EAST CHICAGO | East Chicago School Superintendent Mike Harding retired effective Wednesday.
Harding, 63, of Granger, Ind., who also has a house in East Chicago, started the job in August 2009.
The personnel report regarding Harding was the only item on the agenda for the East Chicago school board Tuesday. The board voted unanimously to accept the superintendent's retirement. Sixth District representative Drake Morris was absent from the meeting.
Harding, who was on family medical leave from July 5 to Oct. 25, did not attend the meeting. Late Tuesday, he said he is looking forward to taking some time off, caring for family and spending time with his children and grandchildren.
"I plan to slow down a little bit," he said by telephone. "I developed some positive relationships there and I intend to take care of loose ends. I have been off for a while. I want to touch base with people.
"I'm proud of the accomplishments in the four years I've been there," he said. "We focused on improving and increasing educational opportunities for children and families. We've accomplished many goals and objectives. We improved test scores, graduation rates and addressing the many needs of schools in an urban setting. There still remains challenges and with that comes great opportunities for the district to continue moving forward."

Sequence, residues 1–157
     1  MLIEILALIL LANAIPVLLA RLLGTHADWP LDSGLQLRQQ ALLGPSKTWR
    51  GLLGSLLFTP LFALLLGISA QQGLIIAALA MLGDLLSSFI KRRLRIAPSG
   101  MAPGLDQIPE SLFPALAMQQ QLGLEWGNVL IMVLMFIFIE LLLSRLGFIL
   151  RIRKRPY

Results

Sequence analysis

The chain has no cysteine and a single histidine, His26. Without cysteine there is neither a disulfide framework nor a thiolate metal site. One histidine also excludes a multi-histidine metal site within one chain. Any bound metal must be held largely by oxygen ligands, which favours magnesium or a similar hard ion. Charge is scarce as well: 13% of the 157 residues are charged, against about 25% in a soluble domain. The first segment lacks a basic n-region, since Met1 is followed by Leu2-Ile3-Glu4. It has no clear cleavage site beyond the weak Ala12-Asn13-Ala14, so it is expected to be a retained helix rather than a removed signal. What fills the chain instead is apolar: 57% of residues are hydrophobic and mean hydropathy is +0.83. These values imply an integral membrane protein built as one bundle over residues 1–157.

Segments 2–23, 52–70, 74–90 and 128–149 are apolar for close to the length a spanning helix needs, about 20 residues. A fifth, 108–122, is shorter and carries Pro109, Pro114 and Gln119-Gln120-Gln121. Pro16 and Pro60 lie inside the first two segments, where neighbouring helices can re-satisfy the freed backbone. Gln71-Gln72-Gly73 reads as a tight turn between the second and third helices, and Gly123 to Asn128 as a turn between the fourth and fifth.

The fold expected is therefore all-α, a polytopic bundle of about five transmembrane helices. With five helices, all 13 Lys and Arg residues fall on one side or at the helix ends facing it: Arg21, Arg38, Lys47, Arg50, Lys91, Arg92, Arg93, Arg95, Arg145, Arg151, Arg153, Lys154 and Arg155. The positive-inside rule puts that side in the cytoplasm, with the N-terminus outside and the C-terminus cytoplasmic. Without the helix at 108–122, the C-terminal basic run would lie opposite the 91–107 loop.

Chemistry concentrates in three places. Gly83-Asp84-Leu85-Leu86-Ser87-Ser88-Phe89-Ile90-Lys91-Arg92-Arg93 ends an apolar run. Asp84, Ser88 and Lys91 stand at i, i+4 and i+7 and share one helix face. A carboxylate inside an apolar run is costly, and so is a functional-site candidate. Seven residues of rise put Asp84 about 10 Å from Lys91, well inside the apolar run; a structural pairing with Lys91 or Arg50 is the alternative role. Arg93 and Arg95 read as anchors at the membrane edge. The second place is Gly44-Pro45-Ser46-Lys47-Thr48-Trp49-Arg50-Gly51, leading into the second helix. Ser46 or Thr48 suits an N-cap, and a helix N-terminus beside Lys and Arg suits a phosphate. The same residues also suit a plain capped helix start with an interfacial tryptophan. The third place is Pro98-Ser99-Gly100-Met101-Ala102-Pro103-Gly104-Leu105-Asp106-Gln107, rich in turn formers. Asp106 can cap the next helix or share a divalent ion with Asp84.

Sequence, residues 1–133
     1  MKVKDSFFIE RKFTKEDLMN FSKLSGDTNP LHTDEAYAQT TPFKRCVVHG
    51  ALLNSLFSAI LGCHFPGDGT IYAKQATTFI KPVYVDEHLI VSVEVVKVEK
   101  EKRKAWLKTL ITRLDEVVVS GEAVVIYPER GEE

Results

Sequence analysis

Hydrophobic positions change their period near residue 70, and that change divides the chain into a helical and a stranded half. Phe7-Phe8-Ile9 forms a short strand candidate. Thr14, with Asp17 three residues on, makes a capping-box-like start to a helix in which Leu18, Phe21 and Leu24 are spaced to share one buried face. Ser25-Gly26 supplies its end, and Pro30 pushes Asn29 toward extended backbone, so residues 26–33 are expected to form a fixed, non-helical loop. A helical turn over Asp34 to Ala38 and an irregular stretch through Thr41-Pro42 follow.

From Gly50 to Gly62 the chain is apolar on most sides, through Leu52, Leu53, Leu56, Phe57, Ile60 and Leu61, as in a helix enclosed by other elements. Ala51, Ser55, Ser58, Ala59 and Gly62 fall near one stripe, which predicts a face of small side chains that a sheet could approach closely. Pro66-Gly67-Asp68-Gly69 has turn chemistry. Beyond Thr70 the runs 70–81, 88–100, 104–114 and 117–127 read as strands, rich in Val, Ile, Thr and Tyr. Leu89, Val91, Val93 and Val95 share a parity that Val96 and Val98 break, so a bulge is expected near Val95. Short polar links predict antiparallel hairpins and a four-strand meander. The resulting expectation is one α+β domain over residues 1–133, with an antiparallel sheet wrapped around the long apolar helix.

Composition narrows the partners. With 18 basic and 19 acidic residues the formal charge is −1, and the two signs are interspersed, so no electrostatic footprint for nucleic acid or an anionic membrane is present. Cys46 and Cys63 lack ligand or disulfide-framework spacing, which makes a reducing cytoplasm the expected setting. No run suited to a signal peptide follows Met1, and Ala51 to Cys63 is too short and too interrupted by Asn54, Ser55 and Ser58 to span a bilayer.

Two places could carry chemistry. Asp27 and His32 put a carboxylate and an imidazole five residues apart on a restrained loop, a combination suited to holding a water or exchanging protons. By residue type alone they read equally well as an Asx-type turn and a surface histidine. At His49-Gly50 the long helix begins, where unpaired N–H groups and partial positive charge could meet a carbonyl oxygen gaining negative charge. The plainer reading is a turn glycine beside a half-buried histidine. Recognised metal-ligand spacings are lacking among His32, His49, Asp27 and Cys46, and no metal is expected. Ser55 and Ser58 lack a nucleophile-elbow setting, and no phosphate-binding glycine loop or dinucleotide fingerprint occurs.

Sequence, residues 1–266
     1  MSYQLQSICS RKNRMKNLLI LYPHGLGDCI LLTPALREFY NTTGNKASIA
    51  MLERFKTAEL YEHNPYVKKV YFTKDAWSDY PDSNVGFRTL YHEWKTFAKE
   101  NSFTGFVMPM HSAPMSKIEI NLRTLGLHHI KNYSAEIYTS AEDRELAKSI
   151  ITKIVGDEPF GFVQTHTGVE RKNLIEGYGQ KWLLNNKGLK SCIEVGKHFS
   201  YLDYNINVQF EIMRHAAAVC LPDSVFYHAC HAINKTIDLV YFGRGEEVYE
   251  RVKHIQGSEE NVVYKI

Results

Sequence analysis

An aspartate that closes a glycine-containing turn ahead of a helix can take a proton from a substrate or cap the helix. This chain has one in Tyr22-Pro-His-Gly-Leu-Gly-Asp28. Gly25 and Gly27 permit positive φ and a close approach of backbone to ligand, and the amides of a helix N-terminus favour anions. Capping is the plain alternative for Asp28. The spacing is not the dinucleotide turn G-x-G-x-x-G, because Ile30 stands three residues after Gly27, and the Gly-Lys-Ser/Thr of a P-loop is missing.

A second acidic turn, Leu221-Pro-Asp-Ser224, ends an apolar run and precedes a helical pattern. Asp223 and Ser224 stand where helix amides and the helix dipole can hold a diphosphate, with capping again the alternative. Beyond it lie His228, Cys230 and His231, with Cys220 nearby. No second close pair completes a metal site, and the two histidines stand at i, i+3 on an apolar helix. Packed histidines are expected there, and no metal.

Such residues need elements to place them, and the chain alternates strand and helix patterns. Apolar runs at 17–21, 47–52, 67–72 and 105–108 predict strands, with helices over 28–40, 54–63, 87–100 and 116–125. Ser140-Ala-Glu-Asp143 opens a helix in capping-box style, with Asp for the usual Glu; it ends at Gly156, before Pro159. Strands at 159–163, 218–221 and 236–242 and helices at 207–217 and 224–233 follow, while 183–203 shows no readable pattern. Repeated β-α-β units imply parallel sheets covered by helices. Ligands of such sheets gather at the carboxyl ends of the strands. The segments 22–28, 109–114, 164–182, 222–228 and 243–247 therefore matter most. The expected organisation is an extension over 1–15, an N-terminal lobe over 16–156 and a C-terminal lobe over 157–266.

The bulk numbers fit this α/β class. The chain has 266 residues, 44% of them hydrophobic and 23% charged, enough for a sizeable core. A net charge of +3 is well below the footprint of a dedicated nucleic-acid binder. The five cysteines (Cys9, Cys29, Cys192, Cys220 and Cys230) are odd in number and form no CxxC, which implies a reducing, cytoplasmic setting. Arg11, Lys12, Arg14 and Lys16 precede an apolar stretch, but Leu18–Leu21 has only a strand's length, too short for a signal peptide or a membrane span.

None of the School Board members made any comments following the vote, though board President Jesse Gomez later said the board wishes Harding well in his retirement.
Harding's contract would have ended in August 2014, however School Board attorney Richard Lesniak said the retirement effectively ends the contract.
"There is no payout. The board does not have to buy him out, he simply retired," Lesniak said.
There has been some dissatisfaction among members of the community and school employees almost throughout Harding's tenure, with some members of the community calling for his resignation.
East Chicago Federation of Teachers President John Zarlengo was the lone member who clapped when the board accepted Harding's retirement. Last year, the union put up a billboard in East Chicago saying teachers had "no confidence" in the superintendent.
"It's been a long road to this moment," Zarlengo said. "We put that billboard up last year. I'm speaking on behalf of the union and the union members."